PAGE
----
• Incorporation of technology for fund raising.
  • Transitioning a board from a program/activity board to a fundraising board.
  • Addition of an endowment or foundation and committee development.
assumptions
Assumptions
  • Mission for your organization
  • Strategic Plan
  • Defined need for your services
  • Quality programming
  • Community support exists because of the above.
unwritten fund development rules
Unwritten Fund Development Rules
  • Everyone does need to contribute.
  • If you are a totally volunteer organization, the Board president should make the first gift with the full Board to follow. If you are staff, you need to make a gift before asking your Board and the community to contribute. The dollar amount is not as important as 100% participation.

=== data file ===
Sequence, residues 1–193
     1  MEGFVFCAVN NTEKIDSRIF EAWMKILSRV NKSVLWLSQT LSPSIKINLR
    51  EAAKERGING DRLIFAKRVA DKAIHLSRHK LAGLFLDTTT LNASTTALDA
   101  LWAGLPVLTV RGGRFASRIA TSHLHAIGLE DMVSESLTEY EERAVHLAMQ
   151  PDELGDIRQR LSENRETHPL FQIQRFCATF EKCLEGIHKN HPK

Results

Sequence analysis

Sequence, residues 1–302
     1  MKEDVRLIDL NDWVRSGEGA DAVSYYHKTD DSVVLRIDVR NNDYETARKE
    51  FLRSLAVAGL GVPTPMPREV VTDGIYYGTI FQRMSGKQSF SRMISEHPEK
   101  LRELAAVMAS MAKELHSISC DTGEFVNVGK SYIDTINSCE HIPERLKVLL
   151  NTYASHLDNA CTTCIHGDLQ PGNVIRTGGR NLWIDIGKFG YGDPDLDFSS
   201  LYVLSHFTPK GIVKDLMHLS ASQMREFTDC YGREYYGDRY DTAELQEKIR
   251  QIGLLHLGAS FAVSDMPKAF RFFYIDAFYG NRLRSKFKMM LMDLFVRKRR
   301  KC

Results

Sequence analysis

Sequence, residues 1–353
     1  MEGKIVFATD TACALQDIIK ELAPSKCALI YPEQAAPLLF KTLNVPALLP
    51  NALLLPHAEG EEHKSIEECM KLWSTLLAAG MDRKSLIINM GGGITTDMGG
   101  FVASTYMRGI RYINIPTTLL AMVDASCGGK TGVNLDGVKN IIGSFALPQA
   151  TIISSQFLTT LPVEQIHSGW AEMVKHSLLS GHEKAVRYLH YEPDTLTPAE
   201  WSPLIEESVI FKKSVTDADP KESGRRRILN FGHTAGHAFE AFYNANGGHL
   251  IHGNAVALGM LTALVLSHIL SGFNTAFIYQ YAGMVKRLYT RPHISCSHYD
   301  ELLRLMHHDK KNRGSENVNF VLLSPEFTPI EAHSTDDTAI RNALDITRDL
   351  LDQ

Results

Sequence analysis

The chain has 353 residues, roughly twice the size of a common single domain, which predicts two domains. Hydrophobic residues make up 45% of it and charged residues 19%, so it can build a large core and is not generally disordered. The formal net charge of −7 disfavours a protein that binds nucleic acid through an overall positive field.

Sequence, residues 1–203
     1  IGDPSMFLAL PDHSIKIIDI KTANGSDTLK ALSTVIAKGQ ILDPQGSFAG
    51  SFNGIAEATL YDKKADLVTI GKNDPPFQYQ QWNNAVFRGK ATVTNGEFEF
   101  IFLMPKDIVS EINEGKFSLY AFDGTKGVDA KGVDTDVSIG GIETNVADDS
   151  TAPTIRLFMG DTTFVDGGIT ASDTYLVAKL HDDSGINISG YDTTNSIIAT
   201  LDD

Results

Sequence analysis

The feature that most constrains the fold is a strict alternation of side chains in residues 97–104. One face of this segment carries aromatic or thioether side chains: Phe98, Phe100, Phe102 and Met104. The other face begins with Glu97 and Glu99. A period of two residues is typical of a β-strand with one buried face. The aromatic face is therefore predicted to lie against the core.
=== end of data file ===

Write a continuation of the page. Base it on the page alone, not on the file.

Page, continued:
• Everyone has a responsibility to fund development.
  • Fund development staff cannot operate in a vacuum away from program staff.
sources and diversification of revenue
Sources and Diversification of Revenue
  • Fundraising – individual and corporate
    • Annual appeals: individual contact and/or mail
    • Special events
    • Sponsorships (be creative!)
    • On-line
  • Memberships
  • Grants/Foundations
  • Government
  • United Way
  • Contracts or Fee for Services
similarities of revenue sources
Similarities of Revenue Sources
  • Someone had to ask for them.